On March 8, President Donald Trump met with Elon Musk and other top business leaders to discuss the administration's plans to increase infrastructure spending.
Also present at the meeting were real estate and private equity executives, including developer Richard LeFrak, Vornado Realty Trust CEO Steve Roth and Apollo Global Management co-founder Josh Harris, reports Reuters. General Atlantic CEO Bill Ford, McKinsey & Co partner Tyler Duvall and Nature Conservancy director Lynn Scarlett also attended, as did Vice President Mike Pence, Transportation Secretary Elaine Chao, Energy Secretary Rick Perry and Environmental Protection Agency chief Scott Pruitt, the White House said.
Musk, the CEO of SpaceX and Tesla, is on the president's business advisory council, notes Reuters. Though he has received criticism from many people for remaining in the advisory position despite Trump passing his more controversial measures, Musk has touted his moderate politics as a reason to remain as an influential figure close to the president.
The conversation comes days after the president met with 15 federal agencies to discuss implementing his infrastructure improvement plans, and he discussed similar issues on March 7 with AFL-CIO union President Rich Trumka.
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Trump said during his 2016 presidential bid that he would work to implement a $1 trillion budget that would go toward public works projects like improving roads and bridges, though he has not yet released a detailed plan.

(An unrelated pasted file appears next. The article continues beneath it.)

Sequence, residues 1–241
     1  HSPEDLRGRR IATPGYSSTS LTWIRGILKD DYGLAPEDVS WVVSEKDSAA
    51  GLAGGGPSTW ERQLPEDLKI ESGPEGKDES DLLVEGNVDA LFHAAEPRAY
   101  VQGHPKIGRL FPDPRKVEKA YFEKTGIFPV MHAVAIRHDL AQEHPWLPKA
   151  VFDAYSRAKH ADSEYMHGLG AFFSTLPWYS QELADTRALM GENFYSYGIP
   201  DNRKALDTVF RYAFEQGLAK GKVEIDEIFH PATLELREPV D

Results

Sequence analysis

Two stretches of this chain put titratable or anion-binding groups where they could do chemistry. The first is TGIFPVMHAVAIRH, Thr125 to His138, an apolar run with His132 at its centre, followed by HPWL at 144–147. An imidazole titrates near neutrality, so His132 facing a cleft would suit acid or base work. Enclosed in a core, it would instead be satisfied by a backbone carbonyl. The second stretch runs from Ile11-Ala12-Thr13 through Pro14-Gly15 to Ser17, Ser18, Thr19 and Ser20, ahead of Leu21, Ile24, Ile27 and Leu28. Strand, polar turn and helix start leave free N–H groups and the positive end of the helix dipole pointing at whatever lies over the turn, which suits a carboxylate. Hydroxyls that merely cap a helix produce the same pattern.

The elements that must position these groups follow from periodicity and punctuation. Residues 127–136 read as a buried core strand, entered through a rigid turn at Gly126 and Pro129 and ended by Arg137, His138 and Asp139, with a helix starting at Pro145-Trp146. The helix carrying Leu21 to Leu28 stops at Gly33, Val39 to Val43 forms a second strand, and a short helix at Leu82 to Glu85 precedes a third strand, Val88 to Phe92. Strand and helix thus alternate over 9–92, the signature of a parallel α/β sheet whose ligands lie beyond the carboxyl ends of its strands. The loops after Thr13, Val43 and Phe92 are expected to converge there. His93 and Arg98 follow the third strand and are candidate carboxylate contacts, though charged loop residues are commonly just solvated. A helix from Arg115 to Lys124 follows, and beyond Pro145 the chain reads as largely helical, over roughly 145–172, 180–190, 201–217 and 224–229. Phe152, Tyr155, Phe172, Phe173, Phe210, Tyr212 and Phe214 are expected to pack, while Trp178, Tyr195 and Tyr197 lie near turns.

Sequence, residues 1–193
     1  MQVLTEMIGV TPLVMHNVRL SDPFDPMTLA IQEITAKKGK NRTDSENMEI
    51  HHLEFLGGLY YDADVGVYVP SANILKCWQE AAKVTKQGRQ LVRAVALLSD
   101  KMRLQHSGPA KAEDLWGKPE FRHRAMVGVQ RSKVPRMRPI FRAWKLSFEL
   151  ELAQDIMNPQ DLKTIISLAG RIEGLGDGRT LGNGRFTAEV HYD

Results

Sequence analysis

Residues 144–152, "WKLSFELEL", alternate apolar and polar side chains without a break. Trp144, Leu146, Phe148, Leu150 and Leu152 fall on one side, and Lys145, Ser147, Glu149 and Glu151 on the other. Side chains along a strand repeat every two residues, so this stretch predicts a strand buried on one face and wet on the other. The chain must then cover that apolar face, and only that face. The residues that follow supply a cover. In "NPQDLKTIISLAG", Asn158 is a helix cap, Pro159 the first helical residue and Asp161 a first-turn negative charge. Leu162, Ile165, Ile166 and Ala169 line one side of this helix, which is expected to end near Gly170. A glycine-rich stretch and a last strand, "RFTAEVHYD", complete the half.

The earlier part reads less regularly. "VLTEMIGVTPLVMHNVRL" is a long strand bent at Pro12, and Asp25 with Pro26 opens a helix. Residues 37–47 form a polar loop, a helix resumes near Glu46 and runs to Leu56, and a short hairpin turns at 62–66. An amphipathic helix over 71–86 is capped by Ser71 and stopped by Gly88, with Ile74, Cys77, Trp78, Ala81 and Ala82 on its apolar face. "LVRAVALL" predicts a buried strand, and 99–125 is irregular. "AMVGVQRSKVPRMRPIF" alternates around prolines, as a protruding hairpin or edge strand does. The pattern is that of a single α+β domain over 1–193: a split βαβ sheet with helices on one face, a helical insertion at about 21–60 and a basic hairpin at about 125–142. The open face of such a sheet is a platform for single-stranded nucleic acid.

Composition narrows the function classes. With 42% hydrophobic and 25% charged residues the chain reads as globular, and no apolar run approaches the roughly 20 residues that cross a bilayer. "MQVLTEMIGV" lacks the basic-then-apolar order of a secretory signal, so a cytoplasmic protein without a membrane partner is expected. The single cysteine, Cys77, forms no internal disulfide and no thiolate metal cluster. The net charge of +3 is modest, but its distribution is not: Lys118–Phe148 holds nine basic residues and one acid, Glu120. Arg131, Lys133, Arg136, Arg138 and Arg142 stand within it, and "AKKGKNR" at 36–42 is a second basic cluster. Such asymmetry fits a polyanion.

"The time has come for a new program of national rebuilding," Trump said in a February address to Congress, according to Reuters. "To launch our national rebuilding, I will be asking Congress to approve legislation that produces a $1 trillion investment in infrastructure of the United States -- financed through both public and private capital -- creating millions of new jobs."
Trump signed into law an executive order in January that aims to streamline the approval process for high-profile infrastructure projects "such as improving the U.S. electric grid and telecommunications systems and repairing and upgrading critical port facilities, airports, pipelines, bridges, and highways," the action said.
"Infrastructure used to be a point of American pride, but now an overbearing, ineffective regulatory system can keep projects in limbo for years," said White House spokesman Sean Spicer, according to Reuters. "The government has wasted too much of the taxpayers' money on inefficient and misguided projects."
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Spicer also said that Trump was looking to move forward on the issue by forging strong bonds between public and private institutions.
The nation's infrastructure currently has a D+ rating from the American Society of Civil Engineers, notes Reuters. The society recommended that the nation invest $3.6 trillion into public works by 2020.